What is Common Core?The Common Core curriculum is a set of math and English language arts standards that were developed in an effort to establish consistent educational standards across the states . Most states adopted Common Core standards in 2009. They were seeking consistent, measurable nationwide standards. The curriculum was launched in an effort to ensure all students, regardless of where they lived, graduated high school prepared for college, a career, and life. However, even with these admirable goals, many educators, parents and administrators have been unhappy with the resulting Common Core curriculum.
Will Common Core Survive?So the debate continues. Eight states do not use common core at all or have adopted only portions of the curriculum. At present, Arizona is still operating under common core standards, but that could change. Because Common Core is not a federally controlled program, a new president and administration in Washington do not directly affect its future. However, with many educators and parents dissatisfied with the program, along with disappointing initial statistics, Common Core may soon be a thing of the past.
How does all of this affect TIA?For TIA students, there is great news! Dr. Jennifer Herrera states that if Common Core remains or another curriculum is adopted by the state of Arizona, TIA is ready! TIA can readily adapt to whatever state education standards are decided upon. TIA is a college prep school, so they teach to the goal of college readiness. Because of that, the teaching at TIA is designed to provide students proficiency toward the AZMerit tests and ultimately SAT tests needed for college entrance. Having already reached and maintained the goal of 100% of graduating seniors being accepted into college, TIA standards are already extremely high. Our numbers speak for themselves!
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5 Things You Should Consider When Preparing for College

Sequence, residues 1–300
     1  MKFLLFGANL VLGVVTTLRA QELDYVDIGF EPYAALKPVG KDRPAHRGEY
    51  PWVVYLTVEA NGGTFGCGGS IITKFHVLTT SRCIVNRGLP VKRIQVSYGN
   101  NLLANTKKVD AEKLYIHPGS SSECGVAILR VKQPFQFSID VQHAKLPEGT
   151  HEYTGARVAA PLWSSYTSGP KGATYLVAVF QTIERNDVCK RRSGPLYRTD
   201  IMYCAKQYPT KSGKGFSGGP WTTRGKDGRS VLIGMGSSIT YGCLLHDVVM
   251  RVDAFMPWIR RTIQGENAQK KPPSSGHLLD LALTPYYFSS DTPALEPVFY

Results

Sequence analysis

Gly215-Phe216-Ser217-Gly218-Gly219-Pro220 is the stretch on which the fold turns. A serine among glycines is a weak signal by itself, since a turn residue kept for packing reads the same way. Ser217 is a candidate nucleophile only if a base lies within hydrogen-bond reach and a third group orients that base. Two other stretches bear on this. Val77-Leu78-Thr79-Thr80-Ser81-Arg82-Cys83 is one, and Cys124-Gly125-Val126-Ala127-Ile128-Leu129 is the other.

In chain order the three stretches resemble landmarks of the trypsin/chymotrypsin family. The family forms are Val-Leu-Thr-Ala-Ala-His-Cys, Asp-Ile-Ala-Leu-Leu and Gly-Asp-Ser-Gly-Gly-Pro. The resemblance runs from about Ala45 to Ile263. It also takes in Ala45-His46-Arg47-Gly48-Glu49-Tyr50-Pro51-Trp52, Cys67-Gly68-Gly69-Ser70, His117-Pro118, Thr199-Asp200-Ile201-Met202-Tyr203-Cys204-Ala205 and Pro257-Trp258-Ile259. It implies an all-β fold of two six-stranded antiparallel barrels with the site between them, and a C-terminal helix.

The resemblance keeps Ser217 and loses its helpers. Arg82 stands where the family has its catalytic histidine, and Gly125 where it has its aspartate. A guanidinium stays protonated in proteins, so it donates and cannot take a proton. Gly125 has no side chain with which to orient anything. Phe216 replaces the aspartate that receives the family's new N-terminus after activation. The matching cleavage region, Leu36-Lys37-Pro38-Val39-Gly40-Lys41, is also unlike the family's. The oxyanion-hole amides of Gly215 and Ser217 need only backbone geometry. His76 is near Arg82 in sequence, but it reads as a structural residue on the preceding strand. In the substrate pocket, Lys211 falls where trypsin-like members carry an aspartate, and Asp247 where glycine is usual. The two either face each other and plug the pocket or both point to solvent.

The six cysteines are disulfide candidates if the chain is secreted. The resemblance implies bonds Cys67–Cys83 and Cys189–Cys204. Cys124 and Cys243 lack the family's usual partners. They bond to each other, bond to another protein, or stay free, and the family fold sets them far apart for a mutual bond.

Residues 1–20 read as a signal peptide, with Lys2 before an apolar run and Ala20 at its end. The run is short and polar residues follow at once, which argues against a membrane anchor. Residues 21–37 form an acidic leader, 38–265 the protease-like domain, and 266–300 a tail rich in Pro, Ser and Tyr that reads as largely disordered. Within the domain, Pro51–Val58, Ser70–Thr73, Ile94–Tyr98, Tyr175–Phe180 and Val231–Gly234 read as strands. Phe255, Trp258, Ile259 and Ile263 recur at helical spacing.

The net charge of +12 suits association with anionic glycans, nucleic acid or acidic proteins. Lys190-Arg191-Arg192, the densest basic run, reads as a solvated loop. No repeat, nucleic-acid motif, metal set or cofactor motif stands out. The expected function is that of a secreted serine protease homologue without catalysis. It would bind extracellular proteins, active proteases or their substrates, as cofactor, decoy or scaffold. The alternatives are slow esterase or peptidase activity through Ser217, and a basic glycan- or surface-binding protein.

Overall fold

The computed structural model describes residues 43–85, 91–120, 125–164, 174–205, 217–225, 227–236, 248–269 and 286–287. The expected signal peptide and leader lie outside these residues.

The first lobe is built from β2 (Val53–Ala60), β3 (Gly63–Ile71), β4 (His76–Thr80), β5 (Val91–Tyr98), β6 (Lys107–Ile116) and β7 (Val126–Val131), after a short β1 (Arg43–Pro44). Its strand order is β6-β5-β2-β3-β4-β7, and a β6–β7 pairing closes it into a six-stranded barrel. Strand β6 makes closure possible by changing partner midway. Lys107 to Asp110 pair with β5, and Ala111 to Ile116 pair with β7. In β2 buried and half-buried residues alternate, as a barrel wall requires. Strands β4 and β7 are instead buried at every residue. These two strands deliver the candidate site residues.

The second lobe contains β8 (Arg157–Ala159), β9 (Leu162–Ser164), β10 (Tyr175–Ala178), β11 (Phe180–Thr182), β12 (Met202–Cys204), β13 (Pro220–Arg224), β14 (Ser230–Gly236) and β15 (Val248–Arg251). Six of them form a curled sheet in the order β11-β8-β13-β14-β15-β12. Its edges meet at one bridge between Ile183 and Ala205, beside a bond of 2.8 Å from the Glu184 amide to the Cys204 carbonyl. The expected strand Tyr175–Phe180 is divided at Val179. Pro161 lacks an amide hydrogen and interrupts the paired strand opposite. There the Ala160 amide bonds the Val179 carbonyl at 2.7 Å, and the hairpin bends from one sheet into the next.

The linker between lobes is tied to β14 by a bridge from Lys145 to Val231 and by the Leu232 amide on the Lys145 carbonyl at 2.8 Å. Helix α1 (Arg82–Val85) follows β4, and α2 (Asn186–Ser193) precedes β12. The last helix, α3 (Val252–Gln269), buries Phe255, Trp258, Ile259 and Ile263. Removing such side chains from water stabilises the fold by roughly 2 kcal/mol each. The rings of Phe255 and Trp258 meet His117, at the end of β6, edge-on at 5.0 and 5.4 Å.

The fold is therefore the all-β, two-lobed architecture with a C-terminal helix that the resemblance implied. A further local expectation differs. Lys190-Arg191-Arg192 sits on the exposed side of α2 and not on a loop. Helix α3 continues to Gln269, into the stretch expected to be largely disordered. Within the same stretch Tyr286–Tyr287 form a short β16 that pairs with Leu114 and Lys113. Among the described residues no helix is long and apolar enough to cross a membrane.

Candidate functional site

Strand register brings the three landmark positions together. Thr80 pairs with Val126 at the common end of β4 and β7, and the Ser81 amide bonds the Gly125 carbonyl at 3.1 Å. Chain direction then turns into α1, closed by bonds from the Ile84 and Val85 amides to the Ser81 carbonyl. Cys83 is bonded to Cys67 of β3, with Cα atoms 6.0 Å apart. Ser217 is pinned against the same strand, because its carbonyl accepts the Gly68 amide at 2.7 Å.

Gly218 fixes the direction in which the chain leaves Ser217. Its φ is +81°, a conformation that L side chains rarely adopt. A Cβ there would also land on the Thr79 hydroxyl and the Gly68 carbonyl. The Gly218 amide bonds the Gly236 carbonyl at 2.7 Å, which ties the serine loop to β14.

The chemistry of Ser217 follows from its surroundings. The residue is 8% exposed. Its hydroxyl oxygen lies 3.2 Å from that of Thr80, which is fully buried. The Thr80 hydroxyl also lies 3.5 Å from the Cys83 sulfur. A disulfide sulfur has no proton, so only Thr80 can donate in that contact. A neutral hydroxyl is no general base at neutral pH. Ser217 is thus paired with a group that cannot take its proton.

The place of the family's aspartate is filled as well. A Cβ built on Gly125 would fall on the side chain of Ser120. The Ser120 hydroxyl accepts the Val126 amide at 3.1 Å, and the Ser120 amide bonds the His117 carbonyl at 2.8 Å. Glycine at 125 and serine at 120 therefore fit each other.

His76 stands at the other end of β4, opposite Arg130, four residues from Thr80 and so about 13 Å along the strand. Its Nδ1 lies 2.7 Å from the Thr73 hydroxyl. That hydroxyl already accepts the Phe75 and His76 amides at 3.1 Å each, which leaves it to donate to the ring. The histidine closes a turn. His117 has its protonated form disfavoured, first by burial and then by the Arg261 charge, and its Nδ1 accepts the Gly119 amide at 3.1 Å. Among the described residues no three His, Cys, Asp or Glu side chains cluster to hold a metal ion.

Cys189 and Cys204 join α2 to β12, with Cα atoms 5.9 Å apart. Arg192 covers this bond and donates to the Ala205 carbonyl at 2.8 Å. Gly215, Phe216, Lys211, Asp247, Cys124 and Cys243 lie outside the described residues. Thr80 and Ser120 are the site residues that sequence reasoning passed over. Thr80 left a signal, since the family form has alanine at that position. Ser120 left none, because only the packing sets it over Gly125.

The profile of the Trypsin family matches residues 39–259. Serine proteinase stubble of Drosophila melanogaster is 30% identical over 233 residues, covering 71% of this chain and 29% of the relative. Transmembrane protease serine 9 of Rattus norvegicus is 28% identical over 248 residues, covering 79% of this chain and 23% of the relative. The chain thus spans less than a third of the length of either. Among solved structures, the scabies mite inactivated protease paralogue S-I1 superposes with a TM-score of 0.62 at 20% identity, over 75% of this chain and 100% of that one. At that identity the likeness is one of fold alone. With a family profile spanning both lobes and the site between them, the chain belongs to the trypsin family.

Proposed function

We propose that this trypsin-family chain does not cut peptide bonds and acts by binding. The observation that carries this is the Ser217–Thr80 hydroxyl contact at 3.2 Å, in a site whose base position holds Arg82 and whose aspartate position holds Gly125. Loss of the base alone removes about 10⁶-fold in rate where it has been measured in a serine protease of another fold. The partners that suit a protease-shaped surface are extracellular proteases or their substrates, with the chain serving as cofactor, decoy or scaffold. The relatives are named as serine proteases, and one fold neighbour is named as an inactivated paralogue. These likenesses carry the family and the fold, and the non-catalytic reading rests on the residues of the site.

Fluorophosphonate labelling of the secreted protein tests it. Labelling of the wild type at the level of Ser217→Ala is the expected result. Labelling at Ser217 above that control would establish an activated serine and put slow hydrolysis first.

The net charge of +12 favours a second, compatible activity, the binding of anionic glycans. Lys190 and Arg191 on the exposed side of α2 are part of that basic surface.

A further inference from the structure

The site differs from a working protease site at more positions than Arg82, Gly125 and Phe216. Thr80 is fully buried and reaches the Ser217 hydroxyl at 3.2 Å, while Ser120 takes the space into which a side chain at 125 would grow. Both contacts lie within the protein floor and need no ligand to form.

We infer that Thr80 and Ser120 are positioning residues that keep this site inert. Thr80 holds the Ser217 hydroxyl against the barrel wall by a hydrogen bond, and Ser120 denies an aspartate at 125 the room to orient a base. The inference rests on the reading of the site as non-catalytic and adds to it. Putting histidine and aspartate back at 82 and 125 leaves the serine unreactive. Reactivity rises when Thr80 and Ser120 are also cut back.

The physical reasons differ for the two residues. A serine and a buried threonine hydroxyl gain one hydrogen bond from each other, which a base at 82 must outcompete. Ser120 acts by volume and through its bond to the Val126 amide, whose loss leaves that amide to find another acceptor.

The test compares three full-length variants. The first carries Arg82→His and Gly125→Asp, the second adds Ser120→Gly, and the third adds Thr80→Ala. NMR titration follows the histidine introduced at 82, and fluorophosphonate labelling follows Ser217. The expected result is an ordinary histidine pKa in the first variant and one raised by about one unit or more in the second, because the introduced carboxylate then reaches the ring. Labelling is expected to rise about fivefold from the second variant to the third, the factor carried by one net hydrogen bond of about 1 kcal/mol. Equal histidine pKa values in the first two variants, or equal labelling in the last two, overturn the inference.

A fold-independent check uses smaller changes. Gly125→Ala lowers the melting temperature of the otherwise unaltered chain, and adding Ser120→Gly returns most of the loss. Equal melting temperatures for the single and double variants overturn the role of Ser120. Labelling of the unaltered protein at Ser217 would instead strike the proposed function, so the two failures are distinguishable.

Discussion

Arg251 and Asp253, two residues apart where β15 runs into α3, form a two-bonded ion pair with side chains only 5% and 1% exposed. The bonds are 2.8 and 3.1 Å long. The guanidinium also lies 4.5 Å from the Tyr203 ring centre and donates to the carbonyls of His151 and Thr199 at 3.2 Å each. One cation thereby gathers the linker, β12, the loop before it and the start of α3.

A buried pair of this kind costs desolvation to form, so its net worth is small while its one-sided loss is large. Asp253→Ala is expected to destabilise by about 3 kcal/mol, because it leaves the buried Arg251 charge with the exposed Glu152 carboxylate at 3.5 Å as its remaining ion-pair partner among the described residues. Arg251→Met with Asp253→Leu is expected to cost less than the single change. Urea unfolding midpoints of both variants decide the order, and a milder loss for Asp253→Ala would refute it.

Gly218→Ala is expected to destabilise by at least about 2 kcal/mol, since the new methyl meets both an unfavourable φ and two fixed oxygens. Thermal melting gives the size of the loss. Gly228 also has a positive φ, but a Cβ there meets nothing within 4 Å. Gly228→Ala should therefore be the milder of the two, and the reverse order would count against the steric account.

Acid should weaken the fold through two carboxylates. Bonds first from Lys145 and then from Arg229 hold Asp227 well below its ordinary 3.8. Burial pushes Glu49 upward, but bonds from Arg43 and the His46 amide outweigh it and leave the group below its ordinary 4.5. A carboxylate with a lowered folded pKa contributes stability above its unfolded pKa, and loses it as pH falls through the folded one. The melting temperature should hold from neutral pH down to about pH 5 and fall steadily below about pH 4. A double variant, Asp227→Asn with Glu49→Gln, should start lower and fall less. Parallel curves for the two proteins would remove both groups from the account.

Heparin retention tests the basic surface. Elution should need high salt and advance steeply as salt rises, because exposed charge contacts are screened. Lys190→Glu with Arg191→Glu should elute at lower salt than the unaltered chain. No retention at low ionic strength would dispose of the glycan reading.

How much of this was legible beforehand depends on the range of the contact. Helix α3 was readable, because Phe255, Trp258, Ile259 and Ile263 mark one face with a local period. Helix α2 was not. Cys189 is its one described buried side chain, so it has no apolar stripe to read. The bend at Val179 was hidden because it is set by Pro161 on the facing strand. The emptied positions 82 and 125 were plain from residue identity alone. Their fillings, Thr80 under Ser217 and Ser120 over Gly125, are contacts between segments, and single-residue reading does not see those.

5 Things You Should Consider When Preparing for College Preparing for college can be an arduous task that discourages people. For parents who have not attended college within the past ten years, they might find themselves lost in the process of helping their children apply. Nowadays, college is a process that starts well in advance, preferably from the birth of the child. If you as a parent or student have not started the process, do not worry. Every month we will cover different areas that are crucial during this process. Preparing for College: Elementary Students Parents need to speak with a financial officer, accountant, banker, or tax expert who is knowledgeable about their family needs and the necessities for college. The sooner you create a banking account for your child, the more financially advantaged he/she will be when it comes to choosing a college. Preparing for College: Middle School Students and Parents The focus should be selecting a career that sparks an interest in the child. The students should start visiting occupations that may interest them or attend career fairs like the one we have at Tucson International Academy. Even though the student may not choose a career path at this point, a general idea would guide him/her towards the right college. Preparing for College: Freshman and Sophomore Students Students need to plan their high school classes with the right college in mind. All colleges will require the basic general courses such as four years in Mathematics and English Language Arts, two years each of Social Studies and Science, and two years of Foreign Language, etc. Certain colleges however, may require specialty classes such as Chemistry, Physics, and Calculus, etc. Freshman and sophomore students should keep college requirements in mind when choosing their High School courses. Preparing for College: Junior Students Junior Students should be well prepared for the several college entrance tests (PSAT, SAT, & ACT) throughout the year. Certain fees will apply for these tests, yet students can talk to their high school counselors to find out whether they qualify for fee waivers. There are various websites that offer free online practice tests. We will cover these in the near future. Preparing for College: Senior Students As for senior students, this will be the most important year of your high school. By now, you should have already narrowed down your college choices. Keep in mind that if you have not applied to a college yet, you must do so now! At this point, you should be working out a plan with your parents/guardians as to how to pay for college rather than which college you are applying to. Preparing for college can be a monstrous task if taken lightly. But with the right plan, we can all demystify the process. Enroll Now Miguel Montemayor, Tucson International Academy